Google Scholar 

  64. 64.

    Fierer N. Embracing the unknown: disentangling the complexities of the soil microbiome. Nat Rev Microbiol. 2017;15:579–90.

    CAS  PubMed  Google Scholar 

  65. 65.

    Ward NL, Challacombe JF, Janssen PH, Henrissat B, Coutinho PM, Wu M, et al. Three genomes in the phylum Acidobacteria provide insight into their lifestyles in soils. Appl Environ Microbiol. 2009;75:2046–56.

    CAS  PubMed  PubMed Central  Google Scholar 

  66. 66.

    Schäfer C, Bommer M, Hennig SE, Jeoung JH, Dobbek H, Lenz O. Structure of an actinobacterial-type [NiFe]-hydrogenase reveals insight into O2-tolerant H2 oxidation. Structure. 2016;24:285–92.

    PubMed  Google Scholar 

  67. 67.

    Liot Q, Constant P. Breathing air to save energy–new insights into the ecophysiological role of high-affinity [NiFe]-hydrogenase in Streptomyces avermitilis. Microbiologyopen. 2016;5:47–59.

    CAS  PubMed  Google Scholar 

  68. 68.

    Jones RT, Robeson MS, Lauber CL, Hamady M, Knight R, Fierer N. A comprehensive survey of soil acidobacterial diversity using pyrosequencing and clone library analyses. ISME J. 2009;3:442–53.

    CAS  PubMed  PubMed Central  Google Scholar 

  69. 69.

    Whitman WB, Coleman DC, Wiebe WJ. Prokaryotes: the unseen majority. Proc Natl Acad Sci USA. 1998;95:6578–83.

    CAS  PubMed  Google Scholar 

  70. 70.

    Kolter R, Siegele DA, Tormo A. The stationary phase of the bacterial life cycle. Ann Rev Microbiol. 1993;47:855–74.

    CAS  Google Scholar 

  71. 71.

    Lennon JTJ, Jones SES. Microbial seed banks: the ecological and evolutionary implications of dormancy. Nat Rev. 2011;9:119–30.

    CAS  Google Scholar 

  72. 72.

    Jones SE, Lennon JT. Dormancy contributes to the maintenance of microbial diversity. Proc Natl Acad Sci USA. 2010;107:5881–6.

    CAS  PubMed  Google Scholar 

  73. 73.

    Morita RY. Is H2 the universal energy source for long-term survival? Micro Ecol. 1999;38:307–20.

    CAS  Google Scholar 

  74. 74.

    Cordero PRF, Bayly K, Man Leung P, Huang C, Islam ZF, Schittenhelm RB, et al. Atmospheric carbon monoxide oxidation is a widespread mechanism supporting microbial survival. ISME J. 2019;13:2868–81.

    CAS  PubMed  PubMed Central  Google Scholar 

Download references

Acknowledgements

This work was support by an Austrian Science Fund (FWF) project grant [P26392-B20 to DW and SE] and an ERC Starting grant (grant agreement number 636928, to DW) from the European Research Council (ERC) under the European Union’s Horizon 2020 research and innovation program. In addition, CG was supported by an ARC DECRA Fellowship [DE170100310] and NHMRC EL2 Fellowship [APP1178715]. The authors would like to thank Marlies Dietrich, Erich M. Pötsch, Stefanie Imminger, Osnat Gillor, Sean Bay and Florian Strasser for their help with soil sample collection, Katharina Zingerle for her assistance with sample preparation for the primer evaluation, Daniela Trojan for the use of her optimized RNA extraction protocol for acidobacteria, Claus Pelikan & Maximilian Nepel for assisting with pre-processing the MiSeq sequence data, Thanavit Jirapanjawat, Margarete Watzka and Sean Bay for assistance with H2 measurements, and the Division of Computational Systems Biology for providing and maintaining the Life Science Compute Cluster (LiSC) at the University of Vienna. We thank Kristen Deangelis and Grace Pold for allowing using the sequences SIN71083.1 and ROP69215.1 in Fig. 3.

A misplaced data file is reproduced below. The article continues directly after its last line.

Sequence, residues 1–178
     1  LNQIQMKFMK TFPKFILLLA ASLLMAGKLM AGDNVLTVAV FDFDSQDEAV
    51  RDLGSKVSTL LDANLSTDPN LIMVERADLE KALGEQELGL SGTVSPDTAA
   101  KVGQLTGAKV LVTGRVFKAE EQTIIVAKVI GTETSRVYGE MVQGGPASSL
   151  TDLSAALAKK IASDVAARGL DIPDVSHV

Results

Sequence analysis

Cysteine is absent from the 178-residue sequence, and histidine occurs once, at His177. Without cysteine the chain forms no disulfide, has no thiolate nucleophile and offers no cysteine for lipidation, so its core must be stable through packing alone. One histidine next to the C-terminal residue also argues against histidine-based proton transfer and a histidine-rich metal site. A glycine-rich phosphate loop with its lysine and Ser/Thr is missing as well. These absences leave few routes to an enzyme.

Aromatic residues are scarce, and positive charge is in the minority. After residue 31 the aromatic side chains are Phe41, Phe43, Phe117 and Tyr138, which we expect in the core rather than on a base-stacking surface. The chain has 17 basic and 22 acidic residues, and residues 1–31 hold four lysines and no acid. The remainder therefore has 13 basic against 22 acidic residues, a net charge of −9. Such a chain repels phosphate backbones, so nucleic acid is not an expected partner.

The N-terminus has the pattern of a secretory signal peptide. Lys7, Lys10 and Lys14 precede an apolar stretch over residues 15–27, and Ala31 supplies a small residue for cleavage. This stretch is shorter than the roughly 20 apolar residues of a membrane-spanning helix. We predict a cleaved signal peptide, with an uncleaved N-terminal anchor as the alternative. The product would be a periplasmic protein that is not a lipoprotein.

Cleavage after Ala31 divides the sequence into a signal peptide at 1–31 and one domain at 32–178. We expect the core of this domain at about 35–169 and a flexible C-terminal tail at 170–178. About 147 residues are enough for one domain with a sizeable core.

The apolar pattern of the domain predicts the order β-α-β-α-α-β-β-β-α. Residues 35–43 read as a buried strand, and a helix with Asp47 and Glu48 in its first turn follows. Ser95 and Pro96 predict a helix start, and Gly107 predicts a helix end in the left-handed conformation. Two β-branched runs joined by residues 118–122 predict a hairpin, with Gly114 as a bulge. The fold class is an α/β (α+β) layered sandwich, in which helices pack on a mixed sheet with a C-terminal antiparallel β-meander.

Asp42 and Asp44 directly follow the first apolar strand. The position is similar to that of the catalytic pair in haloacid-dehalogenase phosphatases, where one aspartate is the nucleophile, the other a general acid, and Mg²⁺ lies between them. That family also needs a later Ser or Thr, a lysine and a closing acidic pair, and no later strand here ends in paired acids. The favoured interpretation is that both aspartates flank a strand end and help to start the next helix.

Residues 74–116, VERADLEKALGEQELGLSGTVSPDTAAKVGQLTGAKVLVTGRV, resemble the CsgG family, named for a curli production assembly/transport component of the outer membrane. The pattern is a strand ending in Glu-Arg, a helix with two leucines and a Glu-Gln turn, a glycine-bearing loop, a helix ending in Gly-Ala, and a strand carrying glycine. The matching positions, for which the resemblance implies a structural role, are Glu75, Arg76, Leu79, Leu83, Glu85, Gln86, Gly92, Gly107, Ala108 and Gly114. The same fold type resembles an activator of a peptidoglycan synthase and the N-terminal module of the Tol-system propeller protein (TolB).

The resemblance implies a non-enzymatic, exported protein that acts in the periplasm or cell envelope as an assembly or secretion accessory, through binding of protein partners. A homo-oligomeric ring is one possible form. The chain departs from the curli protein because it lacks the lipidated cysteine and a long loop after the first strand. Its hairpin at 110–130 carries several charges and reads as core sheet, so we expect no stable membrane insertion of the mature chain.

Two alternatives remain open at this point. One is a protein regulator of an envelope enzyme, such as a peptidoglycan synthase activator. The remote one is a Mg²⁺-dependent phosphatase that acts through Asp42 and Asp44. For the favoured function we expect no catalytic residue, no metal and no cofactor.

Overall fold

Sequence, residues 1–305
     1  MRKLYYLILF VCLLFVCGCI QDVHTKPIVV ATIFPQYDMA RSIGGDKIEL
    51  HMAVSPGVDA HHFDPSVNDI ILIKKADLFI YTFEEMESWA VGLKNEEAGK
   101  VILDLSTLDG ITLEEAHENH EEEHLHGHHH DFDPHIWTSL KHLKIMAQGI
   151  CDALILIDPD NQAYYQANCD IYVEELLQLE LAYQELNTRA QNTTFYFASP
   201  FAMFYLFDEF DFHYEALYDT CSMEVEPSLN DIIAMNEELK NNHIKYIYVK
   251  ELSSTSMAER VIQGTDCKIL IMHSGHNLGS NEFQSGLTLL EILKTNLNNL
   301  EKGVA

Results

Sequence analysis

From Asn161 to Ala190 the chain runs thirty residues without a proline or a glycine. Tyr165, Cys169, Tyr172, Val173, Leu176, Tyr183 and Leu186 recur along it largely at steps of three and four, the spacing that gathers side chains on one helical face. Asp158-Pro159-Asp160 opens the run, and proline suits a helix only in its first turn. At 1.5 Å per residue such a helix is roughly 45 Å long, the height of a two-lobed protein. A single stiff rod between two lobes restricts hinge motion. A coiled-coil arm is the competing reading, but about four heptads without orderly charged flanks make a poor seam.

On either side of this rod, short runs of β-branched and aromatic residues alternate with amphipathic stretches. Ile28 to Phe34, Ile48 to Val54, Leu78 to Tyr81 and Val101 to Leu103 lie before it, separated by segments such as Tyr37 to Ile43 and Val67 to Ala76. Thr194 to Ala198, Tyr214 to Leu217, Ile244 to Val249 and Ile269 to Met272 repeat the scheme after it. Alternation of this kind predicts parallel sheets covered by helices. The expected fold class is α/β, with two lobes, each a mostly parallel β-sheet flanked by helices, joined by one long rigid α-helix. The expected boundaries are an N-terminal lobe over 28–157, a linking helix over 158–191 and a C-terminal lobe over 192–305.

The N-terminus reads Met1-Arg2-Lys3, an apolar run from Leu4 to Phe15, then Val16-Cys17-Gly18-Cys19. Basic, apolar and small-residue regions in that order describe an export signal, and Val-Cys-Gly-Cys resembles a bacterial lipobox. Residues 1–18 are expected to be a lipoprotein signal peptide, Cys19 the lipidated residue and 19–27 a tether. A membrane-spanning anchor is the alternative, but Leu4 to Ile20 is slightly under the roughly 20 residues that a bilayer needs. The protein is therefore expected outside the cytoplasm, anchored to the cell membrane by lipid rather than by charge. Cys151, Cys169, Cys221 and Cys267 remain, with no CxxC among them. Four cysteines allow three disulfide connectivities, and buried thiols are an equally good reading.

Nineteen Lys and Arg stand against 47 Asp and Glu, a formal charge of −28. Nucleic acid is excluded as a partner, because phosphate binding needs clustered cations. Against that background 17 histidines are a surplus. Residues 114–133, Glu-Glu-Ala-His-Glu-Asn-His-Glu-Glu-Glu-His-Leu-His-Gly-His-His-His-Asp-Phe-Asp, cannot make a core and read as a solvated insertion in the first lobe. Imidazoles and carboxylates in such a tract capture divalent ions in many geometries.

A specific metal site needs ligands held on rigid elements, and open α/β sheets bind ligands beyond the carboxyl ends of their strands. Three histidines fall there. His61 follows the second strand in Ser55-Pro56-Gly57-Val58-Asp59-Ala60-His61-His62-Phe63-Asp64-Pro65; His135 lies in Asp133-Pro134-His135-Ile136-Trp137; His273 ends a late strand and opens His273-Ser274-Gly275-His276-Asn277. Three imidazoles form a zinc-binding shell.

Author information

Affiliations

Authors

Corresponding author

Correspondence to Stephanie A. Eichorst.

Ethics declarations

Conflict of interest

The authors declare that they have no conflict of interest.

Additional information

Publisher’s note Springer Nature remains neutral with regard to jurisdictional claims in published maps and institutional affiliations.

Supplementary information

Rights and permissions

Open Access This article is licensed under a Creative Commons Attribution 4.0 International License, which permits use, sharing, adaptation, distribution and reproduction in any medium or format, as long as you give appropriate credit to the original author(s) and the source, provide a link to the Creative Commons license, and indicate if changes were made. The images or other third party material in this article are included in the article’s Creative Commons license, unless indicated otherwise in a credit line to the material. If material is not included in the article’s Creative Commons license and your intended use is not permitted by statutory regulation or exceeds the permitted use, you will need to obtain permission directly from the copyright holder. To view a copy of this license, visit http://creativecommons.org/licenses/by/4.0/.

Reprints and Permissions

About this article

Verify currency and authenticity via CrossMark

Cite this article

Giguere, A.T., Eichorst, S.A., Meier, D.V. et al. Acidobacteria are active and abundant members of diverse atmospheric H2-oxidizing communities detected in temperate soils. ISME J 15, 363–376 (2021). https://doi.org/10.1038/s41396-020-00750-8

Download citation

Further reading

Search

Quick links